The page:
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Effects of Recurrent Rolling/Crimping Operations on Cover Crop Termination, Soil Moisture, and Soil Strength for Conservation Organic Systems

Kornecki, T. S., Arriaga, F.J., Price, A.J., Balkcom, K.S.
Applied engineering in agriculture 2013 v.29 no.6 pp. 841-850
Secale cereale, Trifolium incarnatum, Vicia villosa, cash crops, cover crops, crop residues, developmental stages, glyphosate, growing season, inorganic herbicides, organic production, planting date, rye, soil compaction, soil strength, soil water, soil water content, vegetables, water content, Alabama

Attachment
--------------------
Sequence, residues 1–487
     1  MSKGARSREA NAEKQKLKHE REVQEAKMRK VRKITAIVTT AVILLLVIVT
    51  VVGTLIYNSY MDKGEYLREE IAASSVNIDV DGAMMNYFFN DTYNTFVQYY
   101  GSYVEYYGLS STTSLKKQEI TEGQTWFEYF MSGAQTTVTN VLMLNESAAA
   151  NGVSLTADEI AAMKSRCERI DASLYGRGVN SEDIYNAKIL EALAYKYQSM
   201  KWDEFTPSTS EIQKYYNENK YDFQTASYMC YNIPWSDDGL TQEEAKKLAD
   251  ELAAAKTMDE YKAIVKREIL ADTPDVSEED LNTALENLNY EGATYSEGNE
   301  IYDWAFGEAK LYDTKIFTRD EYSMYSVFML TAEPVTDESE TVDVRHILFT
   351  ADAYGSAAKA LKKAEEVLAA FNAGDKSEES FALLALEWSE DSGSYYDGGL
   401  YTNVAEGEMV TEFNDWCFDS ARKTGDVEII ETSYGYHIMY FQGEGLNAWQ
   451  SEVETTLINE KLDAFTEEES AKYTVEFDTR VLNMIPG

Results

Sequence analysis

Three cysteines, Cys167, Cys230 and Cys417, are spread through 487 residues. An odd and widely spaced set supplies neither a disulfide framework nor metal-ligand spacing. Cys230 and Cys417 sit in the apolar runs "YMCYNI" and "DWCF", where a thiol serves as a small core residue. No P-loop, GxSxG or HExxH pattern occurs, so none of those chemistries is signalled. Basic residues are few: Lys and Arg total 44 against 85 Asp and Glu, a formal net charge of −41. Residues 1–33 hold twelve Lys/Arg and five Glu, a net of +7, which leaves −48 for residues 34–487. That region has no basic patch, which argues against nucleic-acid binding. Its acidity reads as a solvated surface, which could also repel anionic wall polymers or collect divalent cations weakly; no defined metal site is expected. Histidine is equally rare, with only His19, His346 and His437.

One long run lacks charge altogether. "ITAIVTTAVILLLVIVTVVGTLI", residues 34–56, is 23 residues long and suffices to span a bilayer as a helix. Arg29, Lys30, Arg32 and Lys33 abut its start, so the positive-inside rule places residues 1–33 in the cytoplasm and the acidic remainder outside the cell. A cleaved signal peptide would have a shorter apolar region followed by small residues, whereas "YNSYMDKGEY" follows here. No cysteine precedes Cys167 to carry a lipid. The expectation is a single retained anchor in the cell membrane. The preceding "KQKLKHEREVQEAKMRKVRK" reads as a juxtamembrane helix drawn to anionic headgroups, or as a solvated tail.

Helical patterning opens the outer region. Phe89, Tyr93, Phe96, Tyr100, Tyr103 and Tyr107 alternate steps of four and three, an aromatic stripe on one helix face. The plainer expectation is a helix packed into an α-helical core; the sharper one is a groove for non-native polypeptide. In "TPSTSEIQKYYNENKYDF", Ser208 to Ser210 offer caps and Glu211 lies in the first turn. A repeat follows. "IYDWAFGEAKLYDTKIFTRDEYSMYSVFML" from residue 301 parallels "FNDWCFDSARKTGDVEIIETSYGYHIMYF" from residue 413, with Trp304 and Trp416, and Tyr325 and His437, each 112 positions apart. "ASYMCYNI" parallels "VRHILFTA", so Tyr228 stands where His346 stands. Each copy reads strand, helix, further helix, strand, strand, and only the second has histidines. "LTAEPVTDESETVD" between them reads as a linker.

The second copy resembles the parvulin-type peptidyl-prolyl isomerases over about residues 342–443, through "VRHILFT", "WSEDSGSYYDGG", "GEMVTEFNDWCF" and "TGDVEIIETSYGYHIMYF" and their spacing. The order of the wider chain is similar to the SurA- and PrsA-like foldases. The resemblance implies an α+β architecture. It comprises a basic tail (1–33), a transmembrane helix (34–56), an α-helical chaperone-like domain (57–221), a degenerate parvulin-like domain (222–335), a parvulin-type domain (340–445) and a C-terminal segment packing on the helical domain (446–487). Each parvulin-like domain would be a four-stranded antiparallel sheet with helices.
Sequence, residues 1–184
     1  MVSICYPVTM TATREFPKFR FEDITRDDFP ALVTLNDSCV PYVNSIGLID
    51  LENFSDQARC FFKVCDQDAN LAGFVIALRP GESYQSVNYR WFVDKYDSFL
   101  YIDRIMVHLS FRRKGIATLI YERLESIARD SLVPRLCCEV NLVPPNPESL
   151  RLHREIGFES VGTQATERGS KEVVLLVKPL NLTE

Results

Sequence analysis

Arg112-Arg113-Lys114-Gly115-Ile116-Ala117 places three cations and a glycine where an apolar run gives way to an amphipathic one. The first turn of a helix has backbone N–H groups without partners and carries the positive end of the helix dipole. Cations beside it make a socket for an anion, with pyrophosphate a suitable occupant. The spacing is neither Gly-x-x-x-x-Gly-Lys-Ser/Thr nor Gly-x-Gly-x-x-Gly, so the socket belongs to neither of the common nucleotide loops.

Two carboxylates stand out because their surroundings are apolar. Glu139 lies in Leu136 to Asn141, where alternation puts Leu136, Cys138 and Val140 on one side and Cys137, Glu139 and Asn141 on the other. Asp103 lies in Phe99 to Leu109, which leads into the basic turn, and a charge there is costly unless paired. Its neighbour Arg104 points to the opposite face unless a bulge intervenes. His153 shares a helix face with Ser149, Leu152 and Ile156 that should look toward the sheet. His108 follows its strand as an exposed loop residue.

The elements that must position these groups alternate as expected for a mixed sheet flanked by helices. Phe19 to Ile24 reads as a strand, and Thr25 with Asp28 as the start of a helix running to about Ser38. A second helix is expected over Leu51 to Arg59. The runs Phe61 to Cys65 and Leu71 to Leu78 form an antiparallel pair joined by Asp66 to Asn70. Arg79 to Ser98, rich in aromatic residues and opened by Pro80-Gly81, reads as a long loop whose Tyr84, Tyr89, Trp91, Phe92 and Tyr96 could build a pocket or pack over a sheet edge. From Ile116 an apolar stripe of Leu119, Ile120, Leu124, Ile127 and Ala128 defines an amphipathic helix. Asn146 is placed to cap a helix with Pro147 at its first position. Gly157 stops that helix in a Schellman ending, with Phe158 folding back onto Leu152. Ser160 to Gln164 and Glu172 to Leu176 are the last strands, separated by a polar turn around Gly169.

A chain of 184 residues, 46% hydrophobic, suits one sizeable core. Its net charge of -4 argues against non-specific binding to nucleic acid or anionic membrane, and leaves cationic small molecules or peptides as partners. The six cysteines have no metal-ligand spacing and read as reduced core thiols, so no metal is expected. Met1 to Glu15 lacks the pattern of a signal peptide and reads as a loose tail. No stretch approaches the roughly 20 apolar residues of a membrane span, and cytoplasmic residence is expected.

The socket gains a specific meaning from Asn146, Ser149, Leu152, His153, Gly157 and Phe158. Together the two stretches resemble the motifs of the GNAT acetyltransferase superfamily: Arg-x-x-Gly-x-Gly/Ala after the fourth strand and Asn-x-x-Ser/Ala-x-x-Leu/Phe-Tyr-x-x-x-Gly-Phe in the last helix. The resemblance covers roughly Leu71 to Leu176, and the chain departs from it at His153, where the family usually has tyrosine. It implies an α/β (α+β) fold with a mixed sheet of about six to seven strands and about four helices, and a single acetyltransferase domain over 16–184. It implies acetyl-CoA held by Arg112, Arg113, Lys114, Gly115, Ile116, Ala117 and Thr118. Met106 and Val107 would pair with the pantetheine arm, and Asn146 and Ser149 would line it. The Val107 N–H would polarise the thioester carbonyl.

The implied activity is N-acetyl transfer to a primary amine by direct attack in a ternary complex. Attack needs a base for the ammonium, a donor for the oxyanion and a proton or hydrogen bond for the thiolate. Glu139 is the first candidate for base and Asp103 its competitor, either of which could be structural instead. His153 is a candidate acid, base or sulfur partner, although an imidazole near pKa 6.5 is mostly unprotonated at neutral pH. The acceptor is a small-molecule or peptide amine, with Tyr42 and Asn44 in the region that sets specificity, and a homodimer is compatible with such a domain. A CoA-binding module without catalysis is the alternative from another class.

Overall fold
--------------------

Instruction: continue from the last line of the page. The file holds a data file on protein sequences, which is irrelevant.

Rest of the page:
Rolling/crimping technology has been utilized to mechanically terminate cover crops in conservation agriculture. In the southeastern United States, to eliminate competition for valuable soil moisture, three weeks are typically required after rolling to plant a cash crop into the desiccated cover crop residue. A common method to enhance the cover crop termination is a supplemental application of herbicides such as glyphosate. However, synthetic herbicides cannot be used in organic production, thus additional rolling operations might speed the desiccation process. On the other hand, recurrent rolling/crimping operations could cause additional soil compaction, which could be detrimental for water infiltration and crop root development. The objectives of this experiment were to determine the effectiveness of a single-stage roller with straight bars and a new two-stage roller in terminating either rye (Secale cereale L.) or a mixture of rye, crimson clover (Trifolium incarnatum L.), and hairy vetch (Vicia villosa L.) with repeated rolling operations, and the effect of repeated rolling on volumetric soil water content and soil strength. Cover crop termination dates were selected three weeks before planting date recommendations for vegetables in the northern Alabama region. In three growing seasons (2007, 2008, 2009), three weeks after rolling, both roller designs effectively terminated rye > 90%, which is above the recommended rye termination rate to plant a cash crop. No difference in termination rates were observed between two rollers. Rolling two or three times did not cause additional soil compaction, and rolled residue reduced soil strength compared to standing cover crops due to an improved termination rate and associated moisture conservation. Soil volumetric moisture content (VMC) after repeated rolling operations was significantly higher compared with standing rye and mixture covers. In the mixture, hairy vetch was actively growing two weeks after rolling even after three rolling operations, most likely due to too early growth stage for hairy vetch. Repeated rolling can be beneficial for faster mechanical termination of cover crops such as rye and crimson clover, but may not be adequate for mixtures that include hairy vetch.